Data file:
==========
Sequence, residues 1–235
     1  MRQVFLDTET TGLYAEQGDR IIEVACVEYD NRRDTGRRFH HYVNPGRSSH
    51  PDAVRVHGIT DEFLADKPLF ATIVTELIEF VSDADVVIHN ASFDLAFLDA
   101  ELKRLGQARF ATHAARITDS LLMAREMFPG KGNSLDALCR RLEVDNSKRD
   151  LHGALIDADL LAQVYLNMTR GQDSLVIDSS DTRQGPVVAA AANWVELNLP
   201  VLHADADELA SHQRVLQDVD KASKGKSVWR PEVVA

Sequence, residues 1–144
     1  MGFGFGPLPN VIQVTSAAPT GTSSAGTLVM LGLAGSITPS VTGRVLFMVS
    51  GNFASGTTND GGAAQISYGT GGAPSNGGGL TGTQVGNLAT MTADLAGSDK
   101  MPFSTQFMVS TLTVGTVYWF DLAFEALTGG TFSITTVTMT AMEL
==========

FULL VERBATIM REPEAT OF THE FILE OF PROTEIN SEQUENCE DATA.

Sequence, residues 1–235
     1  MRQVFLDTET TGLYAEQGDR IIEVACVEYD NRRDTGRRFH HYVNPGRSSH
    51  PDAVRVHGIT DEFLADKPLF ATIVTELIEF VSDADVVIHN ASFDLAFLDA
   101  ELKRLGQARF ATHAARITDS LLMAREMFPG KGNSLDALCR RLEVDNSKRD
   151  LHGALIDADL LAQVYLNMTR GQDSLVIDSS DTRQGPVVAA AANWVELNLP
   201  VLHADADELA SHQRVLQDVD KASKGKSVWR PEVVA

Sequence, residues 1–144
     1  MGFGFGPLPN VIQVTSAAPT GTSSAGTLVM LGLAGSITPS VTGRVLFMVS
    51  GNFASGTTND GGAAQISYGT GGAPSNGGGL TGTQVGNLAT MTADLAGSDK
   101  MPFSTQFMVS TLTVGTVYWF DLAFEALTGG TFSITTVTMT AMEL